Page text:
745 research outputs found

    Novel analytical tool for a univocal flavor and fragrance identification: Gas chromatography coupled with condensed-phase FTIR and TOF mass spectrometry

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    The correct identification of flavor and fragrance (F&F) compounds in real samples is still a challenge despite the huge number of different instruments available. Only a slight structural difference can cause a very different sensory profile, for example in the case of geometric isomers, it is generally considered that (Z)-isomers have a more pleasant and natural odor than (E) ones.¬†¬†¬†¬†¬†¬†¬†¬†¬†¬†¬†¬†¬†¬†¬† The most frequently used instrument for the analysis of volatiles is gas chromatography (GC) coupled with mass spectrometry (MS). MS may still fail to adequately identify compounds because of the lack of specificity of spectra (terpenes, isomers). MS spectral searches can be supported with linear retention index (LRI) information which, although not in all cases, could resolve the problem of possible misidentification of target molecules.¬†¬†¬†¬†¬†¬†¬†¬†¬†¬†¬†¬†¬†¬†¬† Condensed phase FTIR can be a complementary detection system to MS, and its application could allow a very detailed structural elucidation. The novelty of this instrument is that the separated compounds are condensed in small, singular spots on a rotating disc, thus the distortion of spectra is eliminated, giving an excellent spectral resolution. Through the specificity of the ‚Äúfingerprint‚ÄĚ region around 1100 cm-1, even positional isomers and diastereomers could be distinguished.¬†¬†¬†¬†¬†¬†¬†¬†¬†¬†¬†¬†¬†¬†¬† Coupling condensed-phase FTIR after a simple post-column split to a GC-TOF MS, three independent analytical information can be obtained about the target compound: retention behavior (LRI), MS and FTIR spectra. Exploiting the enhanced resolution of the TOF MS and discriminating power of FTIR a unique TOF MS/FTIR spectral library with more than 1500 F&F compounds was developed, including also experimental LRI. Boosting this comprehensive information collection, a universal post-run software, namely CromatoPlus Spectra, performs the library search using the FTIR spectral similarity and LRI filter, simultaneously. A GC-TOF MS/FTIR method was optimized for the analysis of real essential-oil and perfume samples. Using the F&F library with embedded LRI, a reliable peak assignment was obtained for each separated compound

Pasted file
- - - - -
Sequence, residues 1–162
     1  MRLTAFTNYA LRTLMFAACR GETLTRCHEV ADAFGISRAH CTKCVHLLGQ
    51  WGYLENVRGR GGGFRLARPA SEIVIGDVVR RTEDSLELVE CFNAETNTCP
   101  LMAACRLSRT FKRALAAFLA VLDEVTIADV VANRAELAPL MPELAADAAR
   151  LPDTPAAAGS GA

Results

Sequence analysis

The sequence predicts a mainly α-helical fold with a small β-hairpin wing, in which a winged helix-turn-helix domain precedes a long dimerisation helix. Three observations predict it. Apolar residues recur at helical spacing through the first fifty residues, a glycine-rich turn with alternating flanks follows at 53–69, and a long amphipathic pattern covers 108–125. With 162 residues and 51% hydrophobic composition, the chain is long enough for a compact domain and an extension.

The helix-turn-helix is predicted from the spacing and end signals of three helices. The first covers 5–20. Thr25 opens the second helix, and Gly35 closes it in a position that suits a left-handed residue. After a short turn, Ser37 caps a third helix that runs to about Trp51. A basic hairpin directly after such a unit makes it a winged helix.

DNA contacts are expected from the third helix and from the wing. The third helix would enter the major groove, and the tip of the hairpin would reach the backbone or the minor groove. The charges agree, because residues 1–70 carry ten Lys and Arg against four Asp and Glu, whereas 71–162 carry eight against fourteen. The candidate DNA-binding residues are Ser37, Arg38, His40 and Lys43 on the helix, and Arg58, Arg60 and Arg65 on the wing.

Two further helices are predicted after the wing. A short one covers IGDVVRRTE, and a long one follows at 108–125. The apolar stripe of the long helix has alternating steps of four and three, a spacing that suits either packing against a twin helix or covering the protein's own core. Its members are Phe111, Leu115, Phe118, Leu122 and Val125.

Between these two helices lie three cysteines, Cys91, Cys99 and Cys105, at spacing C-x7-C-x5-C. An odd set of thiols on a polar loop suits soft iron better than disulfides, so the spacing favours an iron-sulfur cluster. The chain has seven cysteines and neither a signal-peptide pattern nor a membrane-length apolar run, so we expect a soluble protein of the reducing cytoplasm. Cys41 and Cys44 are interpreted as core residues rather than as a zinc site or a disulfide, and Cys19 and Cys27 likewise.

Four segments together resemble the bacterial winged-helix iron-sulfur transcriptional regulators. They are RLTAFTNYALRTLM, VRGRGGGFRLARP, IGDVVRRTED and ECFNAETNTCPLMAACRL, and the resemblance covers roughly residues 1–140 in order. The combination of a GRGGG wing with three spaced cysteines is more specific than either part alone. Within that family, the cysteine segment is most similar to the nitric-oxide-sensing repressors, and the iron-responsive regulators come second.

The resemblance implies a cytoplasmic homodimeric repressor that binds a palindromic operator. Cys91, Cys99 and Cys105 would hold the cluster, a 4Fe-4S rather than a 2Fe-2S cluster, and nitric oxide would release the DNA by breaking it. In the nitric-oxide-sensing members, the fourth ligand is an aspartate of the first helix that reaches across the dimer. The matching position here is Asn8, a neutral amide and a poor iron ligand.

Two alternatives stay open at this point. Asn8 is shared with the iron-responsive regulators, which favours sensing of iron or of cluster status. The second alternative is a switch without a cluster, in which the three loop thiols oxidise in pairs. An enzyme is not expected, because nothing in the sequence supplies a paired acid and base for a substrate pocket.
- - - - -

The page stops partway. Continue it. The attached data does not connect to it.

Antitumor immunization of mothers delays tumor development in cancer-prone offspring